Autonomous Eyes

Autonomous Eyes

In the not too distant future autonomous vehicles could hit the consumer market

There is no doubt that driverless cars have arrived. We are seeing huge technological advancements each day that are bringing autonomous vehicles into the mainstream. Whilst we are getting excited about the thought of cruising around town while reading a book or drinking a coffee, there's still a lot of technology that needs to be tested and refined before we jump into our autonomous cars.

One of the big technical challenges is the fact that autonomous cars cannot 'see' like humans. Sight is a vital part of detecting and understanding everything from road signs and traffic conditions to avoiding pedestrians and vehicle collisions.

Autonomous vehicles currently use laser sensors to detect the environment around them but this has some obvious limitations. While lasers are good for detecting objects and their distance from the vehicle, they cannot read and follow street signs or differentiate between a footpath and the driveable road.

The CSIRO's Data61 division is looking at changing this with the help of Australian bionic eye technology. CSIRO has partnered with Chinese self-driving technology company, ZongMu Technology. Together they are aiming to equip autonomous vehicles with bionic vision, an intuitive way to allow a machine to see and understand the environment the way humans do and react to hazards.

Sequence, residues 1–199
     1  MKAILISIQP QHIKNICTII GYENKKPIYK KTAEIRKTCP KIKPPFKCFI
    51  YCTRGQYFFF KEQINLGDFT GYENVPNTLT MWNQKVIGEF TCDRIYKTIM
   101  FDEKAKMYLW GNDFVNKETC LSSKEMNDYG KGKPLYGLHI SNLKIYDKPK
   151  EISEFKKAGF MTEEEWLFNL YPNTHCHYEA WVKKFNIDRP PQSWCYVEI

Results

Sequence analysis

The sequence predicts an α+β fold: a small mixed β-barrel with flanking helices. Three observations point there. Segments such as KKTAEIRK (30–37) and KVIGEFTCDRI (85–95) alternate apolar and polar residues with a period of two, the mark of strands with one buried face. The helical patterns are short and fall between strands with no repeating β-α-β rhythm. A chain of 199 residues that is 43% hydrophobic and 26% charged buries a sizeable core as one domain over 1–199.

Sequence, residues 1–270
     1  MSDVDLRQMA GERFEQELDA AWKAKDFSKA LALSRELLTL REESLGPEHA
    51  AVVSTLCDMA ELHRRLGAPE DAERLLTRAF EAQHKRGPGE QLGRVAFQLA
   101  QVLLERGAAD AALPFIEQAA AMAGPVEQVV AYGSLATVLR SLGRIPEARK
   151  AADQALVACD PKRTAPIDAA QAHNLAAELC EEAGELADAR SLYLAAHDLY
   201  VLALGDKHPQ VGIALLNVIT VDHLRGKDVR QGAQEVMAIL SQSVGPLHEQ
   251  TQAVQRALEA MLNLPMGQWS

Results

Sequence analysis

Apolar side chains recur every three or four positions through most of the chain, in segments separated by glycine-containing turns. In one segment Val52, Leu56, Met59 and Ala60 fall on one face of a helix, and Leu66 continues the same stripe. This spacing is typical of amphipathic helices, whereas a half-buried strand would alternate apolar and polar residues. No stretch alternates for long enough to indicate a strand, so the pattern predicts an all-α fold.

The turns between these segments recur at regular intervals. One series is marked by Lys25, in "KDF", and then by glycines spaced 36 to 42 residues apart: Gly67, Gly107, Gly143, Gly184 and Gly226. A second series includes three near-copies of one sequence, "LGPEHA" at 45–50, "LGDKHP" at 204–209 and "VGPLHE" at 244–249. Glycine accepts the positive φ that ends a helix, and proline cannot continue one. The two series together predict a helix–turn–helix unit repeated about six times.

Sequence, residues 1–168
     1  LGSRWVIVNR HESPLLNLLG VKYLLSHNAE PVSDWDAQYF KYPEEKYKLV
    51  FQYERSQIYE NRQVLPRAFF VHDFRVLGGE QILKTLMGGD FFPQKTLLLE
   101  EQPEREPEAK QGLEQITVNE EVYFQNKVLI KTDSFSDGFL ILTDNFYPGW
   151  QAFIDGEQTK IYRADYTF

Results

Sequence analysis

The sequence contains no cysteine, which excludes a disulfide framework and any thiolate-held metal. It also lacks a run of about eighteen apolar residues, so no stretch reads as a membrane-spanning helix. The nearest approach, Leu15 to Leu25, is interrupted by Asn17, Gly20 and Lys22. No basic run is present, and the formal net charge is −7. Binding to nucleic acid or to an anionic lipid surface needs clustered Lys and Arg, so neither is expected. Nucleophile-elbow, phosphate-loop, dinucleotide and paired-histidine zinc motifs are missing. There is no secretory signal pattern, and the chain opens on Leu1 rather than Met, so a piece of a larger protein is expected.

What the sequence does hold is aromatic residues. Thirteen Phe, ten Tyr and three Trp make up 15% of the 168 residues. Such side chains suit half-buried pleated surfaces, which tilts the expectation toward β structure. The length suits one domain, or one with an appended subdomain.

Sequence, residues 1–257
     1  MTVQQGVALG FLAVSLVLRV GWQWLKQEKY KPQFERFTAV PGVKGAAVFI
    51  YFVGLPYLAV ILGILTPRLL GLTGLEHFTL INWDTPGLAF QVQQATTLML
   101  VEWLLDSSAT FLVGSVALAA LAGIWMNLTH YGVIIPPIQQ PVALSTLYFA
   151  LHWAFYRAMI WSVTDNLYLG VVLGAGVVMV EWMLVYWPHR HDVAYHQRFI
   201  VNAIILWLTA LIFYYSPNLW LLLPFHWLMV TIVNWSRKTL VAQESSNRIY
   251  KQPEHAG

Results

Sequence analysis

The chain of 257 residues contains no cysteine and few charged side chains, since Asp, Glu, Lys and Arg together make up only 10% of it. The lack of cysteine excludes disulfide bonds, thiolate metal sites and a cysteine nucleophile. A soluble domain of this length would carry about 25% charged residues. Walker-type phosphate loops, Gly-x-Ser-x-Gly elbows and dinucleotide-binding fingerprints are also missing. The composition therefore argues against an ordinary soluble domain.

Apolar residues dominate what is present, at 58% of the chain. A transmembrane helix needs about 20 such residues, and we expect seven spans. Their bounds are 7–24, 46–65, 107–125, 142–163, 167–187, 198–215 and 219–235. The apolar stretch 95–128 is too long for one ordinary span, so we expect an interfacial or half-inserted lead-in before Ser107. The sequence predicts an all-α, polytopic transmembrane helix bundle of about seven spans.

The idea is to develop bionic vision using algorithms to estimate the space between objects according to motion and predict the potential hazards of moving objects. Unlike laser sensors which rely on a series of points to identify hazards, bionic vision offers richer information and a deeper understanding of road scenes through 3D image analysis. This new technology will allow autonomous vehicles to rapidly detect and avoid hazards, understand and obey road rules and to determine their exact location in relation to other moving vehicles and landmarks in a given environment. It would allow driverless cars to react quickly to any hazards at a distance of 10 metres or further to avoid collisions.

Not only are current laser sensors less effective at avoiding hazards, they are also extremely expensive. The proposed bionic vision algorithms CSIRO is developing with ZongMu cost one-tenth the amount and will allow autonomous vehicles to reach the road in a much shorter time frame. These advancements are not only limited to driverless cars, there are a variety of areas that could potentially benefit from this type of technology. Research is building on previous work by CSIRO in developing a bionic eye, using bionic vision that has given sight to the visually impaired. Using electrodes in a bionic eye, patients are able to get a sense of distance, with the electrical signals intensifying as the individual gets closer to an obstacle.

ZongMu self-driving technology is already being used by China's leading car makers for enhanced driver and road safety. Together with CSIRO's expertise in bionic vision, it is hoped the partnership will help bring autonomous vehicles with the highest safety standards to the consumer market in the not too distant future. 

This article was published 20/07/2020 and the content is current as at the date of publication.